More than eight months after U.S. Sen. Tim Kaine and others began agitating for the Obama administration to seek congressional approval for military action against the Islamic State group, senior administration officials will make their case to a Senate panel today.
Secretary of State John Kerry, Defense Secretary Ashton Carter and Army Gen. Martin Dempsey, chairman of the joint chiefs, are set to appear before the Senate Foreign Relations Committee this morning.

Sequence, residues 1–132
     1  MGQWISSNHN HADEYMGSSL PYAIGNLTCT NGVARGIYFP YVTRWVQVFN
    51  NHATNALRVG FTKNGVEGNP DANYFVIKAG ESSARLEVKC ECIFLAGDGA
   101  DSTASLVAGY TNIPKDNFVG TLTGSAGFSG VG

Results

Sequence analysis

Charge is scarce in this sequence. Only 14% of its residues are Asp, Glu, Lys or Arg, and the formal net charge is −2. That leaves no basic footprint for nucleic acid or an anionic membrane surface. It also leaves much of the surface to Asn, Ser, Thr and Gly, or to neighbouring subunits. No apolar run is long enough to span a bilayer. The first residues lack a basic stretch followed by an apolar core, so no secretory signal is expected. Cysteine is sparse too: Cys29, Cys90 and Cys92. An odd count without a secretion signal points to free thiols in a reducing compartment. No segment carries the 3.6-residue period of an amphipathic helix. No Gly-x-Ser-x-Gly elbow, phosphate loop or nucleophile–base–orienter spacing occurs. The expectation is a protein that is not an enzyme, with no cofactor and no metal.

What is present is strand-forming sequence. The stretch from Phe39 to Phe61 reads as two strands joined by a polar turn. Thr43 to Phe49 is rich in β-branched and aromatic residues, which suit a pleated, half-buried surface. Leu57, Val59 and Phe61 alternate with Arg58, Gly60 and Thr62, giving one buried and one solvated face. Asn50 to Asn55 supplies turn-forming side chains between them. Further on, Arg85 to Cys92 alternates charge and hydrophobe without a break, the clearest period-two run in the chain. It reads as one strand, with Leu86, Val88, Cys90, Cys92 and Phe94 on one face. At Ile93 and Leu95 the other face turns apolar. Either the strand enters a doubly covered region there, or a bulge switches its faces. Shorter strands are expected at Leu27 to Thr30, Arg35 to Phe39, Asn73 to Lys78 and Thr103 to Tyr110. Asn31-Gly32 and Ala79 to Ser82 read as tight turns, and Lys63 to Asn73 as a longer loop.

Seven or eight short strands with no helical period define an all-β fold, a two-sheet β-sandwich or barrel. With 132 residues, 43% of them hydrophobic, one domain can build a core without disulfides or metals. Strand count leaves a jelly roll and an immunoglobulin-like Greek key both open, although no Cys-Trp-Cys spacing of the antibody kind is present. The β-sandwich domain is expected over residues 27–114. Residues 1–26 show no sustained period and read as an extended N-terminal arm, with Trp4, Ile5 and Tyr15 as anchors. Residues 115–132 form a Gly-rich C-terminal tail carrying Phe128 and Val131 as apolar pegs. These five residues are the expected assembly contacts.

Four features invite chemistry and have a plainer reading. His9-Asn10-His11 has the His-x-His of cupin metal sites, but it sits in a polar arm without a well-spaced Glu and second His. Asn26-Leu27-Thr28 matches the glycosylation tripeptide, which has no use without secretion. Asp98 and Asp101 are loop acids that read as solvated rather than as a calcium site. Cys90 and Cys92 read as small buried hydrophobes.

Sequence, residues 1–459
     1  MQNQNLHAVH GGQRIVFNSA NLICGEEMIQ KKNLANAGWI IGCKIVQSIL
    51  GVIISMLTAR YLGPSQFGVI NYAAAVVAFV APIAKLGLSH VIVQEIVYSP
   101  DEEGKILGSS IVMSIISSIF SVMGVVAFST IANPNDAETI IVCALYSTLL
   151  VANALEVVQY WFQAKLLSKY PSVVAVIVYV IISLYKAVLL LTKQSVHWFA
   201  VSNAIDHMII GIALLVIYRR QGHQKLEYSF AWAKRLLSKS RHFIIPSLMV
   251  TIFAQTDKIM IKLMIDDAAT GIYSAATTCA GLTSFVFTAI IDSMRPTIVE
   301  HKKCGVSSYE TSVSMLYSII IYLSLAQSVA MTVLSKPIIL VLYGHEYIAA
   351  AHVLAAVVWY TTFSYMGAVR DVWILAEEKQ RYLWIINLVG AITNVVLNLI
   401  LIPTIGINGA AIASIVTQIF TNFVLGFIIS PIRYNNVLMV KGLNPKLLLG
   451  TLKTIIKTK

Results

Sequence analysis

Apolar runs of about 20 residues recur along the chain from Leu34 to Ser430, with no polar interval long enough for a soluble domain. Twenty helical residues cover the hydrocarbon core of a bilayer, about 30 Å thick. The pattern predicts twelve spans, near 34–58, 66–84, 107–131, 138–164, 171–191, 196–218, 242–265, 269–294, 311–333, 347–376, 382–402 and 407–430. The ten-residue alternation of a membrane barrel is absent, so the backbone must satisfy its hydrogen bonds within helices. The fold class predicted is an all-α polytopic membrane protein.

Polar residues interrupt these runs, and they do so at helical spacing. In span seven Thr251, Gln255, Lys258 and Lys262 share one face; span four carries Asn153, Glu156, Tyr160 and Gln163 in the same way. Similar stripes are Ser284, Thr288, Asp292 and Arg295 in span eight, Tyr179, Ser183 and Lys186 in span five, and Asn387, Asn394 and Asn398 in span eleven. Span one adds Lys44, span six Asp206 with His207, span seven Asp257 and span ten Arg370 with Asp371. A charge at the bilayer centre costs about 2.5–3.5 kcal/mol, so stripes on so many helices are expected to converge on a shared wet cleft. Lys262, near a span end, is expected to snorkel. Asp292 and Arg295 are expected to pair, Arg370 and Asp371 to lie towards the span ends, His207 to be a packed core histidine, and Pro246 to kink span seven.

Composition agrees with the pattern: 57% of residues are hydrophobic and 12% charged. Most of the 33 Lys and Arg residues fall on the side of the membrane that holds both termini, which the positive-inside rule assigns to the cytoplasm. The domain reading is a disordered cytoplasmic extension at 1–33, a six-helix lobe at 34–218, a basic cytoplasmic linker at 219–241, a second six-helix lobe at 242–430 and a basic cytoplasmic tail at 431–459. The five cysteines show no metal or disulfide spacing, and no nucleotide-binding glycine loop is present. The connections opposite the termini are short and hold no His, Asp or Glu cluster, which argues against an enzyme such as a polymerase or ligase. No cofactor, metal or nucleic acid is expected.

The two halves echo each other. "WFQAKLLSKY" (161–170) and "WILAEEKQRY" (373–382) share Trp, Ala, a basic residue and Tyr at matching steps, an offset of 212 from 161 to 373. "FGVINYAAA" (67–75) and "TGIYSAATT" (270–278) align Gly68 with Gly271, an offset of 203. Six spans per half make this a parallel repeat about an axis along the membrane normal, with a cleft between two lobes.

After their testimony, the senators will likely begin reviewing the president’s request for authorization legislation that would define the depth of U.S. involvement in fighting the Islamic militant organization, Kaine said in a telephone interview.
Since September, the U.S. has conducted the lion’s share of airstrikes against the group, which controls sections of Syria and Iraq. A bigger question: whether American ground forces should go after the militants, also known as ISIL or ISIS.
Kaine argues that any ground combat – with some exceptions – should be handled by countries in the region.
“If we’re flying over 90 percent of the air campaign and we have a significant ground troop presence, then it is not the region policing its own terrorism,” he said. “It is the U.S. against ISIL.”